The term “Vita” is a Latin term meaning ‘life’ or ‘vitality’. I wonder what PlayStation were thinking when they named their most recent product, the PS VITA, but it was probably somewhere along the lines of this console being “your gaming life, right in your hands, wherever you are”. And that’s just what it is.

The PSV, which is to be released on February 11th 2012, has high expectations, as its predecessors, the esteemed PSP range, ruled the portable gaming world for a long while over the DS and crappy mobile games involving popping glitchy bubbles. It seems that with the pressure of current mobile technology on the increase, SONY have “done an Apple” and teamed up with a mobile company, Vodafone, to help release their 3G-compatible product. And why not? It works, after all…

Now in my opinion, it seems pretty pointless to splash out on portable games for a newly purchased console, especially if they’re the sorts of titles you’d expect for a PS3 or X360, because to properly enjoy them you’d want to connect up to a nice, large, HDTV, if you have one, in the comfort and warmth of your living room. I personally don’t have such luxuries, yet I still have a niggling thing against expensive portable games.

However, I can see a positive in them, as I am by no means biased (on this particular occasion, anyway). Some phone games, like the one I mentioned earlier, can be terrible, in terms of both gameplay and graphics. Unlike Snake and Space Invaders, mobile games are relatively poor in comparison to fixed-console titles. Then there was the introduction of Apps to the market, and everyone went crazy for Angry Birds and Unblock Me. Now, however, we’ve reached another standstill in advancements, as the masses slowly got used to them. But I think the PSV could be a breakthrough. I feel that as far as mobile and portable gaming goes, it has all the upper hands, and because of the incredible statistics of recent MMOs, the availability of 3G, GPRS and wifi really excels the possibilities for those of you who feel the need to be constantly connected. Furthermore, the PSV doesn’t limit the player to just touchscreen, it incorporates the traditional X [] /\ O controls as well, the combination of which is a genius developed by Nintendo.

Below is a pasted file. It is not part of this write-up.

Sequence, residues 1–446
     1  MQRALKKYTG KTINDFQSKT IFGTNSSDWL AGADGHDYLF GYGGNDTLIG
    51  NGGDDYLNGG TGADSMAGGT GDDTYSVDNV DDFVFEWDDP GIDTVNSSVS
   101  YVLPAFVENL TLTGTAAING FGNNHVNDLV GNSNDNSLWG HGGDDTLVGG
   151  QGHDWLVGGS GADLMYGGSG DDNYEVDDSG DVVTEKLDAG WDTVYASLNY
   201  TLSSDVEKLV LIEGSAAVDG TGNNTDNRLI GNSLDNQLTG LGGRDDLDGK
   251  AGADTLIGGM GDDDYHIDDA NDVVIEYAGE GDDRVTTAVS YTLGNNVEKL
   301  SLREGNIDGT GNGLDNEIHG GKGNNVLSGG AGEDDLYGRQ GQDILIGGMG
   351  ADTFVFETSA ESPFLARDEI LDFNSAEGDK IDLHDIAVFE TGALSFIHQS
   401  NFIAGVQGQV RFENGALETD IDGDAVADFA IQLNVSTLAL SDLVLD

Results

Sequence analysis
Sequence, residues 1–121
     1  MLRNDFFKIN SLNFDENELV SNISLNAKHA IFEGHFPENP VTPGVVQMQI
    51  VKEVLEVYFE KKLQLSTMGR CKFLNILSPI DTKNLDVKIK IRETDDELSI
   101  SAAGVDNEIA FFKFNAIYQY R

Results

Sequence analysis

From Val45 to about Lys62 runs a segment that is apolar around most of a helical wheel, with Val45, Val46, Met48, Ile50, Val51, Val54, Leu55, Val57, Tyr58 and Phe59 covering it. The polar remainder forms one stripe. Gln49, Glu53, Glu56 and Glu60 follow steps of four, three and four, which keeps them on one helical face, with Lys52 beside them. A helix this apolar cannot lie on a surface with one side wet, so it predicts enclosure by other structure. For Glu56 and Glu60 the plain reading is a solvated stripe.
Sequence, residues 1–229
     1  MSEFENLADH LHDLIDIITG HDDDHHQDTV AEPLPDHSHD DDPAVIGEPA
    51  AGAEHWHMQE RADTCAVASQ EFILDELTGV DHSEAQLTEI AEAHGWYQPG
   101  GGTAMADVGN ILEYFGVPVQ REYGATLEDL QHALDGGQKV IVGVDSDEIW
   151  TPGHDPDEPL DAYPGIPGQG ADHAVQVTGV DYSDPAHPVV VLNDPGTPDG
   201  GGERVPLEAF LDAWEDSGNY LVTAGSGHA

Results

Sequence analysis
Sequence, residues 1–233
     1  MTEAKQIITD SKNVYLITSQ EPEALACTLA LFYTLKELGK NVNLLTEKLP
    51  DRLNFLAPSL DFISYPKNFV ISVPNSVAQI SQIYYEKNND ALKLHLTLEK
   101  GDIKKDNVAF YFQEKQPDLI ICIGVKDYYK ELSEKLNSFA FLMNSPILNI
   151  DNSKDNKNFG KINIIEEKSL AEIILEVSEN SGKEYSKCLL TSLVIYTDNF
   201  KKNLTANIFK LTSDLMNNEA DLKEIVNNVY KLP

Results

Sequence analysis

But as much as this new console may be the most amazing thing since sliced bread (it isn’t, but it could be), ask yourself: how often do you actually go out and have the time to whap out a multiplayer MMO, and get your mates to join., before you have to put it away again? Mostly I use the bus and the train, and yes this is great for long journeys, but if you’re on your morning commute to school or college then there’s probably not much point in owning one. I may be wrong, I’ve not tried it yet, but you can see what I mean.

Another bonus for the PSV is that you can play a wide range of games in many different genres, all from the word go. This was a fault Nintendo found quite quickly with the 3DS, and recognised, hence the multitude available now. You’ll be pleased to hear that many old titles have been updated, manoeuvred and compacted to play on the PSV, as well as some extremely tasty-looking games such as Project: Ruin, and of course, LittleBigPlanet: Vita. My only slight criticism is that these games may not be up to spec in comparison to Skyrim on X360/PS3, for example, or MW3, which have been designed with graphics in mind.